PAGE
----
A portrait of Guru Gobind Singh
A portrait of Guru Gobind Singh | Wikimedia Commons
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New Delhi: “All modes of redressing the wrong having failed, raising of sword is pious and just,” writes Guru Gobind Singh, the 10th guru of Sikhism, in Zafarnama. It is an argument for justice written in the form of a letter to Aurangzeb, the sixth Mughal emperor, after the Battle of Chamkaur in the 18th century.

The 10th guru is predominantly known for founding the Khalsa and instituting the idea of the five articles of the Sikh faith kesh (hair), kacchera (a specific type of undergarment), kangha (comb), kada (iron bracelet) and kirpan (small sword). But he was also a scholar and poet, well-versed in multiple languages Sanskrit, Persian, Punjabi, Arabic, Awadhi and Braj Bhasha.

Although Guru Hargobind Singh, the sixth guru, was the one who began militarising the Sikh community, Guru Gobind Singh introduced the idea of martyrdom, having lost all four of his sons at the hands of Mughal rulers. He was the son of a martyr and eventually became one himself when he was assassinated by Wazir Khan, the Nawab of Sirhind.

On his 311th death anniversary, ThePrint examines the significance of the Battle of Chamkaur and Zafarnama.  


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The Battle of Chamkaur

In December 1704, Chamkaur, a district in Punjab, saw a battle between Guru Gobind Singh, with his Sikh forces, and a combined Mughal-Rajput army. Although details of the conflict differ from one source to another, it is believed that the Mughal-Rajput army was far greater in number around 10,000 against just 40 Sikhs.

Yet, the fight went on for longer than the coalition forces thought it would between 21 and 23 December. Negotiations soon began and an agreement was reached between the two sides to allow the Guru and his family safe passage.

However, on another December night, when Guru Gobind Singh stepped out of the Anandpur Sahib Fort, he was attacked by Mughal forces. He managed to reach Dina, but in the process, lost his two oldest sons to the Mughal forces. Later, his two youngest sons were also killed. By the time the Battle of Chamkaur ended, he had lost everything.

When Aurangzeb broke his promise

It was after this breach of moral code by the Mughal emperor that Guru Gobind Singh penned Zafarnama (The Epistle of Victory) in Persian.

Of the 111 verses, Guru Gobind Singh devoted 34 to the praise of God. From verse 19 to 41, he describes how the battle unfolded. He writes:

They (the enemy) dressed in black and like flies

came suddenly with great uproar

Describing the descent of the Mughal army upon him and his people, he repeatedly asserts that Aurangzeb’s oath, taken over the Quran, had no credibility. Of all the verses in Zafarnama, 15 criticise Aurangzeb for breaking his promise of safe passage to the Guru and his family.

What manliness you have shown by extinguishing a few sparks

You have made the conflagration brighter and more furious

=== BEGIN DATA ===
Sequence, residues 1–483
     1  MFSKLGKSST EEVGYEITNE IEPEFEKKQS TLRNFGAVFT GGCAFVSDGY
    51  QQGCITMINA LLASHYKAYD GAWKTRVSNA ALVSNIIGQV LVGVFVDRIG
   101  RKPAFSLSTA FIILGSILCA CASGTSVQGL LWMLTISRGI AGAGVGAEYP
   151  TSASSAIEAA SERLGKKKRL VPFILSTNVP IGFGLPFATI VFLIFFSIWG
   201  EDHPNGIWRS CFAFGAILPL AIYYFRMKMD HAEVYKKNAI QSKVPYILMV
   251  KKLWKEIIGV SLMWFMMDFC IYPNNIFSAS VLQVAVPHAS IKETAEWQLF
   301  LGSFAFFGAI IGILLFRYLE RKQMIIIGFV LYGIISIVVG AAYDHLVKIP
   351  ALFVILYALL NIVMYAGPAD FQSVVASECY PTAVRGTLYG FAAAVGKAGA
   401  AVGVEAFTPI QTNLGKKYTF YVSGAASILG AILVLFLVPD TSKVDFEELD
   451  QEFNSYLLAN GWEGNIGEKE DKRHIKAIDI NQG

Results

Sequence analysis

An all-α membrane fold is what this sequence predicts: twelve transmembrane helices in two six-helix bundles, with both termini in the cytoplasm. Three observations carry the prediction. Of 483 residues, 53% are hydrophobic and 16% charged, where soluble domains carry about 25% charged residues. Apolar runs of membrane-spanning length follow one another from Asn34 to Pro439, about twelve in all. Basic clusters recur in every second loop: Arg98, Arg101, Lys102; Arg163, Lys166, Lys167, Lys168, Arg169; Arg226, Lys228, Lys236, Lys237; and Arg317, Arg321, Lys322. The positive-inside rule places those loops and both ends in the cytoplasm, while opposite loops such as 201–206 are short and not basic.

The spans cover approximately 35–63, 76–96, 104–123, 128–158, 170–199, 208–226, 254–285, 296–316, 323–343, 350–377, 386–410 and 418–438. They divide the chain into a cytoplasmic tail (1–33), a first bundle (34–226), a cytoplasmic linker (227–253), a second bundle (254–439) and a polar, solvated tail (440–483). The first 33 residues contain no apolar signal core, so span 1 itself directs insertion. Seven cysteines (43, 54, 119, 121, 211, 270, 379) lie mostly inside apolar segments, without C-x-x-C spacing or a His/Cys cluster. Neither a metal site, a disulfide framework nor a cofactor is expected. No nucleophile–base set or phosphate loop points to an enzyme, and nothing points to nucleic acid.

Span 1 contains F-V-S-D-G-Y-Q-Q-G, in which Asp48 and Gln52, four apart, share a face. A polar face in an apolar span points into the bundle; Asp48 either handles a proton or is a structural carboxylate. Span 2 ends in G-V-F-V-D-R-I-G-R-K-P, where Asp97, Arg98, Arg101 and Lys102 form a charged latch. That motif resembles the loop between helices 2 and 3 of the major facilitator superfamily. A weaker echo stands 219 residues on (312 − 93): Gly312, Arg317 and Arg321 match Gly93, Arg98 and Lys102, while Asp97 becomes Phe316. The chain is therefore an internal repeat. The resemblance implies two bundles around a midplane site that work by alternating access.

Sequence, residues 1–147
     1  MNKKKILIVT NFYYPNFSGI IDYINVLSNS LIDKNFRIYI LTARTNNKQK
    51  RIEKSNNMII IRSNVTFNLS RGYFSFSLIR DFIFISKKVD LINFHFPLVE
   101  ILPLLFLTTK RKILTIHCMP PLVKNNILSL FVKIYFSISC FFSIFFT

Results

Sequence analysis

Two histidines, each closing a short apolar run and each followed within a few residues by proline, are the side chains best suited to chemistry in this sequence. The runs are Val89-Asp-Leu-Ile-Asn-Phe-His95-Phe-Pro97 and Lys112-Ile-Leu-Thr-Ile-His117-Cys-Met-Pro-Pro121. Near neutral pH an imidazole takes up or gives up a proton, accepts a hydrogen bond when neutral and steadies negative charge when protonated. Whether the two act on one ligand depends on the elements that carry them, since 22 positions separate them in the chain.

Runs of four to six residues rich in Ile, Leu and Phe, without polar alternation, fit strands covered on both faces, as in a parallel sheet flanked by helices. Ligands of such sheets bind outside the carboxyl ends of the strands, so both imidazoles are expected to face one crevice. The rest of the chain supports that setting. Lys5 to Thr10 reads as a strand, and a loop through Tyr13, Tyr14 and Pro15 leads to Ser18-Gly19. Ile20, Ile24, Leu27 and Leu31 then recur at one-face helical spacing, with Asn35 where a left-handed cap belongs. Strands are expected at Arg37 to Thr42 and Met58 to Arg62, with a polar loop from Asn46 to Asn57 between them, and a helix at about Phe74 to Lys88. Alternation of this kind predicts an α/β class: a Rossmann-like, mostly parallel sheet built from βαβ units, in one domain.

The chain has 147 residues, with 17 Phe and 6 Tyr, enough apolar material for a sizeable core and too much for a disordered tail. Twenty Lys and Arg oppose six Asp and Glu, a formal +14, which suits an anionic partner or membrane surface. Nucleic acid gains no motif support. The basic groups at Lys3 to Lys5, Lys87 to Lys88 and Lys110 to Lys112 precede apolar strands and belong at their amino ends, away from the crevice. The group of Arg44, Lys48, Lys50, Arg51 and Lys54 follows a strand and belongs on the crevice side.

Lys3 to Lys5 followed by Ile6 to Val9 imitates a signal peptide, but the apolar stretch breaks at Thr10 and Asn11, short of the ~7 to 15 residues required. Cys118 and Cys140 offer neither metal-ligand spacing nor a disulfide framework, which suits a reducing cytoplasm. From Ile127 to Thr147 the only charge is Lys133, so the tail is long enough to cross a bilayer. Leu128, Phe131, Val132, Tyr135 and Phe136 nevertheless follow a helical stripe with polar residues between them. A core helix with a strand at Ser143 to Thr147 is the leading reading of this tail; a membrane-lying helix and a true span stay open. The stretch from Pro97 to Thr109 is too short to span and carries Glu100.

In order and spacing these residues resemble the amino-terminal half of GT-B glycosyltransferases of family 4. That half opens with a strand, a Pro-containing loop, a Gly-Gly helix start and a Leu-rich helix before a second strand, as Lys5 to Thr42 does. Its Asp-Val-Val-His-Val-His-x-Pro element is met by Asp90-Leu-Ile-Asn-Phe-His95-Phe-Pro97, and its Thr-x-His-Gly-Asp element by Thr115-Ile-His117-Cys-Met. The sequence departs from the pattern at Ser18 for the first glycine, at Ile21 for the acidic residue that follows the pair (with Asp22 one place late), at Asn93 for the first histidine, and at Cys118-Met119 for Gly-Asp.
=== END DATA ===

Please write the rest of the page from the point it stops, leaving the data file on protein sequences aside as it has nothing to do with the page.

However, he also wrote certain verses praising Aurangzeb which tells us how he was able to separate the emperor from his policy of oppression:

Aurangzeb is the king of kings and very prosperous

He is a good swordsman and an agile horse rider


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Translating Zafarnama

That meaning gets lost in translation is common knowledge. Zafarnama, originally penned in Persian, has seen many translations. It was first translated into Punjabi. Repeated translations have caused the loss of a singular meaning when compared with each other.

Diplomat and writer Navtej Sarna had recently translated the text to English. In an interview, Sarna said, “There are conflicting views and conflicting interpretations. I had to get the right text of the original from among the different versions, the Sikh chronicles and commentaries on the translations. I could not stray very much but had to stay close to the text without deviating too much from the literal text for the sake of the verse.”

He added how transcriptions were often accompanied by the introduction of “material changes by scribes, sometimes to reflect a particular historical viewpoint”.

With each translation, which made the Zafarnama accessible to non-Persian speaking people, the exact meaning may be lost, but the essence of it still remains the same.


Also read: Aurangzeb protected more Hindu temples than he destroyed, says historian Audrey Truschke


 

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5 COMMENTS

  1. This Is Incomplete Story With False Information About Army Count and Younger Sons Live and Popped Behind Walls at Sirhind.

  2. This would mean the bigger IBG’s would translates into 8,000-10,000 troops in each IBG. The smaller ones in the Himalayas would be some 5000 strong with incorporated support of heavy lift helicopters like Chinook and Mi—17. The IBG’s in the Himalayas facing China will be different from the ones on the western front. The IBG on the western front will have different equipment, training and attack tactics than the ones for Himalayas facing China. The latter will be have troops that are trained in high altitude operations and trained in mountain warfare.

  3. Why is it that in school children don’t read about such true heroes of India but instead read only about Mughal invaders, plunderers and murderers?

  4. Har gobind rai ji was 6th guru and also there were more then 5 lakh mughal + hill rajas and rajputs…. And this is not a complete zafar bana

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